How To Use Visual Storytelling To Communicate Cybersecurity Threats?How To Use Visual Storytelling To Communicate Cybersecurity Threats? https://www.visualstorytell.com/wp-content/uploads/2023/06/cybersecurity-thumb-1.png 366 222 Shlomi Ron Shlomi Ron https://secure.gravatar.com/avatar/906bcce31d9695cb030087534b5f0f6e?s=96&d=mm&r=g
- Shlomi Ron
- no comments
Do you know how it’s like when you’re used to perceiving certain concepts in a particular way, but when you simply change your lens, a much clearer perspective emerges?
Sometimes all it takes is changing your lens
What’s the first thing that comes to your mind when you think about “cybersecurity threats?”
If you’re thinking about a wide range of harm-driven cyber attacks ranging from phishing, malware, identity-based, ransomeware to AI deepfakes – you’re of course absolutely correct.
Yesterday, changing lens, it dawned on me that all these malicious attacks in essence use tactics to mislead and fool people by leveraging the power of story and impact of visuals.
A targeted phishing email may concoct a believable story using your boss name as the sender with a work-related story.
After a warm intro, it will switch to act 2: the conflict:
“I’m currently on the road so it would help me a lot if in the meantime you could forward $500 to my travel expenses account and I’ll pay you back when I’m back…”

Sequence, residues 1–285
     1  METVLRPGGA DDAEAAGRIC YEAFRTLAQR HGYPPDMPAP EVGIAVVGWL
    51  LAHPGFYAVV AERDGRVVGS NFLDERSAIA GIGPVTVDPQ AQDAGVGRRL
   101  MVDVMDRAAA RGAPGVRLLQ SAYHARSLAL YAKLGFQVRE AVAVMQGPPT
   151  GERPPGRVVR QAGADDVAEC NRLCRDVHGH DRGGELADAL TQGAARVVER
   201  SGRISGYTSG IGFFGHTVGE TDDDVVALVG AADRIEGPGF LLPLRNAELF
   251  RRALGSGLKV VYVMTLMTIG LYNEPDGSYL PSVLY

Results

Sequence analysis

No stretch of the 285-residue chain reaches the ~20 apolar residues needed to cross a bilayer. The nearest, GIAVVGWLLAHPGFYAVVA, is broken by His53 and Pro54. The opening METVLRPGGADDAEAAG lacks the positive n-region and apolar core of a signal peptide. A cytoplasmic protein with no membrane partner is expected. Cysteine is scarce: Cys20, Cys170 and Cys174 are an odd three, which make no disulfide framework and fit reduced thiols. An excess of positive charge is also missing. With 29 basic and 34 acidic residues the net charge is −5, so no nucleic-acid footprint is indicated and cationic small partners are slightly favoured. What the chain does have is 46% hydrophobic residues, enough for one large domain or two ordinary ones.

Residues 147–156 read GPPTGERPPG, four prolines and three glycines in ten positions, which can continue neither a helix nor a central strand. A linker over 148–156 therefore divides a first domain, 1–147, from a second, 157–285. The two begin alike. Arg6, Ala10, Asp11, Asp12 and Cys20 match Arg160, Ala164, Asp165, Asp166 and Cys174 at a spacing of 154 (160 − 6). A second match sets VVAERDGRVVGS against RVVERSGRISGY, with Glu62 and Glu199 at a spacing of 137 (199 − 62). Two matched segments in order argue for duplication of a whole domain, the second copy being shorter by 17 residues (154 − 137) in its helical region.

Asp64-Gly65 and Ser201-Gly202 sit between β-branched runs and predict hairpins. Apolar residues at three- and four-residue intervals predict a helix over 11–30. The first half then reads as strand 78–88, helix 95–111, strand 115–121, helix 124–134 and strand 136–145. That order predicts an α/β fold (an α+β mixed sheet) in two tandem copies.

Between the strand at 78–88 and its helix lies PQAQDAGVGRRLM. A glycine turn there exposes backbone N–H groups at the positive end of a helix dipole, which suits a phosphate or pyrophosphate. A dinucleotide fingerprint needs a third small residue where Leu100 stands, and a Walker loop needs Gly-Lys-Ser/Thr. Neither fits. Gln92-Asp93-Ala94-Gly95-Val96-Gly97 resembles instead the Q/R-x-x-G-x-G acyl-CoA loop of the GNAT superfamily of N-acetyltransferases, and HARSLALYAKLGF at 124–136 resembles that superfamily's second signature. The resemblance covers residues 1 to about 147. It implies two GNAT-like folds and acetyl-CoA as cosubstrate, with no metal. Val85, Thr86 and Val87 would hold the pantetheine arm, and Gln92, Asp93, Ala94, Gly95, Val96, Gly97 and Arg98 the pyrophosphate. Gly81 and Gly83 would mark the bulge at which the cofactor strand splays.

To make the story even more believable, some hackers may even use “visual credibility amplifiers” to tighten up the illusion, using your company’s email template, signature format and logo.
Another classic of the genre, you may remember, is of course the Nigerian Prince phishing scam.
The formula included these narrative ingredients: A wealthy individual, appealing backstory, conflict, call-to-action and disappearance.
From this perspective, all hackers are doing is, in essence, throwing “visual storytelling darts” at scale or on specific targets to trick the credulous.
Welcome to a new kind of “Visual Storyteller Fest” where grand prizes are awarded not by a literary judging committee but – sadly – by those who fall prey to those fake stories…
What is Cyber Crime?
“Damage and destruction of data, stolen money, lost productivity, theft of intellectual property, theft of personal and financial data, embezzlement, fraud, post-attack disruption to the normal course of business, forensic investigation, restoration and deletion of hacked data and systems, and reputational harm.”
– Cyber Crime Magazine
The stakes are high
Cyber crime is a growing problem that affects individuals, companies and countries.
The global cost of cyber crime is expected to balloon to $23.82 trillion U.S. dollars by 2027 (Statista). Yep! We’re talking trillions!
Think about the damage cyber crime can do.
From stealing, modifying, or destroying data, losing productivity, damaging brand reputation, repair costs – all the way up to state security breeches.
Since cyber incidents pose the highest risk for businesses and the fact that in essence hackers use visual storytelling to mislead, I figured this is worth digging deeper.
Meet the expert